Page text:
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Securing Web Applications Using Open Id & Azure AD

Author: Mena Salwans Posted In: Azure, Cloud

Security is a topic that needs to be discussed and thoroughly considered while designing any software. When done properly it can prevent unwanted behavior or access. In my opinion, the most difficult aspects of security are its evolving nature and the difficulty of staying current. When starting a new project, we can’t avoid spending extra time researching the previously obtained security knowledge and tools to see if it’s still valid and whether a vulnerability has been found.

Login and authentication can be the first line of defense in some scenarios for web apps, and it can be coded from scratch by validating users against their username and password in the database. Additionally, it is essential to salt and hash the password, however using .NET Identity or an external authentication service is a better approach. It provides separation of concern and saves research and implementation time with the assumption that this is a reliable and up to date framework or service.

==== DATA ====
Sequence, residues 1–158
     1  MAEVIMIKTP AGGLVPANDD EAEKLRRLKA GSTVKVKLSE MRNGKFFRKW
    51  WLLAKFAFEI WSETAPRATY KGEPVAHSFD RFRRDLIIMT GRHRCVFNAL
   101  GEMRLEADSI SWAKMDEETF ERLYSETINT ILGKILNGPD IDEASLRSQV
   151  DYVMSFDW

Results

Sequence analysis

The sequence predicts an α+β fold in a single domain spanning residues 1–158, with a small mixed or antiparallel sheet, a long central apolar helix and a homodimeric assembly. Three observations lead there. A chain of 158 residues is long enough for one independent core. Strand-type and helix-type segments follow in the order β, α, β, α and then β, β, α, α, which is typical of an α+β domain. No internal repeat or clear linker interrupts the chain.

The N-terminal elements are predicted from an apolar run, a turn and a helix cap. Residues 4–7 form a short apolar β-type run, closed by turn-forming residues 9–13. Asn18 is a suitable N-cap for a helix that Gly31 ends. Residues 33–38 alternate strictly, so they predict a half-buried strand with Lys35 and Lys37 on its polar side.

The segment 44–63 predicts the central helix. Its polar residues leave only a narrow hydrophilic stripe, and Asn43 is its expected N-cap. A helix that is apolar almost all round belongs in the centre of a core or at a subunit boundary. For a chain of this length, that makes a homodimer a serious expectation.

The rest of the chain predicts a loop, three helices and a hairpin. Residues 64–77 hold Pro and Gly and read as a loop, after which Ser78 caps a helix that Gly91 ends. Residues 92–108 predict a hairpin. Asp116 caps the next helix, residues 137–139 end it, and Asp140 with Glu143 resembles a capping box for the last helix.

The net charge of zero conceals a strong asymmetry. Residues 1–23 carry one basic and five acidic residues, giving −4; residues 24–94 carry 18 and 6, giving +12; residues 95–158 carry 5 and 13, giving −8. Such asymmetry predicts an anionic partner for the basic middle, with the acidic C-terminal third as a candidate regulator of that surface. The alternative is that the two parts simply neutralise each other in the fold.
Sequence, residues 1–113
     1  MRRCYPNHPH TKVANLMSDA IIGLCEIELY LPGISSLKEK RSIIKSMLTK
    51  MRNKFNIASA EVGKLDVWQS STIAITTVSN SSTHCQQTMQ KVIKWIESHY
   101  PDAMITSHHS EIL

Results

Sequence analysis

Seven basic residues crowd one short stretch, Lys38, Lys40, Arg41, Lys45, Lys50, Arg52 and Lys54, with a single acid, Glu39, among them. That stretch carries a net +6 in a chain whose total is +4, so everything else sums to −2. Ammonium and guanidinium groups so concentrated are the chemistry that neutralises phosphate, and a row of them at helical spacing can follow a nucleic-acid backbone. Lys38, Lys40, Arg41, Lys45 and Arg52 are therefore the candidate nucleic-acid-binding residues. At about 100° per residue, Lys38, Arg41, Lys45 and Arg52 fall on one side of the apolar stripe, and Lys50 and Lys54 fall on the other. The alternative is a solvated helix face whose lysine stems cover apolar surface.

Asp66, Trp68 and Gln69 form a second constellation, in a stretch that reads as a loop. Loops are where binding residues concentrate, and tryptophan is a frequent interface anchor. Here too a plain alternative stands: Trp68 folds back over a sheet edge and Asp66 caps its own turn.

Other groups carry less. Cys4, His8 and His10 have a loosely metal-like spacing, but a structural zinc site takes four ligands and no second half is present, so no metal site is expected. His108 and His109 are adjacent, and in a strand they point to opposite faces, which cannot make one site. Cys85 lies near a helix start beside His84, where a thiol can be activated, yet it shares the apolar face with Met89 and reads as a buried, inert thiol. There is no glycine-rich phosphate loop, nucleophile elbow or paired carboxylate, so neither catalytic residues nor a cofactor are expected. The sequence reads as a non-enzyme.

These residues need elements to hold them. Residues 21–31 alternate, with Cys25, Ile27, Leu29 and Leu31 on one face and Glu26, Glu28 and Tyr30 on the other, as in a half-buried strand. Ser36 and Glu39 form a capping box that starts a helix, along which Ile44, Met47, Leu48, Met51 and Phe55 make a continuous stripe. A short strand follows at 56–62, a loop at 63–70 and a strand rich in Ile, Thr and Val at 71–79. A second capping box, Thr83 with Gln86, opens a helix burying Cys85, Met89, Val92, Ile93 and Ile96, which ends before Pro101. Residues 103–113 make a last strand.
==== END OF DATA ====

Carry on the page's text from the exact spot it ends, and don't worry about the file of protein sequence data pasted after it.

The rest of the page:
In this post I’ll discuss how to authenticate users that have accounts in Azure AD using a template that can be generated by Visual Studio. I’ll build on that in a following post discussing securing API requests by generating tokens for requests made by authenticated users.

Creating a Testing Azure AD Instance

We will start by creating a new Azure AD instance  for testing. To do that we need to navigate to Azure portal and click “Create a resource” then search for “Active Directory” then simply click the “Create” button. Following these steps will take us to the below form where we can name our new AD, which must be unique and follow the domain naming conventions.